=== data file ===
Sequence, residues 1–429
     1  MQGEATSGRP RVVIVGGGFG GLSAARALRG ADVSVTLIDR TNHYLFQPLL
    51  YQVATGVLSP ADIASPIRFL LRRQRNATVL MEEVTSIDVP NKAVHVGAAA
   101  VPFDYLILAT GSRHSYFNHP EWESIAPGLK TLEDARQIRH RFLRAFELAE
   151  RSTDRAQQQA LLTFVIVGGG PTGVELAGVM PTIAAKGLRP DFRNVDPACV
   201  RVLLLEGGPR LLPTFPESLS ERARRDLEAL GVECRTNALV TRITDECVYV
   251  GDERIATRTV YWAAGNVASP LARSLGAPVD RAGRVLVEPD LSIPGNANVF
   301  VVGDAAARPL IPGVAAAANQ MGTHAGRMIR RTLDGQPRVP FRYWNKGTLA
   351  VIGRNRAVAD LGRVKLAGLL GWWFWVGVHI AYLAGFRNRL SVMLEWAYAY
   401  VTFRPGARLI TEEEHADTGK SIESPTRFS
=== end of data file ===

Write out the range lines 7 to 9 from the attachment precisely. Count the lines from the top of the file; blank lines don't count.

   251  GDERIATRTV YWAAGNVASP LARSLGAPVD RAGRVLVEPD LSIPGNANVF
   301  VVGDAAARPL IPGVAAAANQ MGTHAGRMIR RTLDGQPRVP FRYWNKGTLA
   351  VIGRNRAVAD LGRVKLAGLL GWWFWVGVHI AYLAGFRNRL SVMLEWAYAY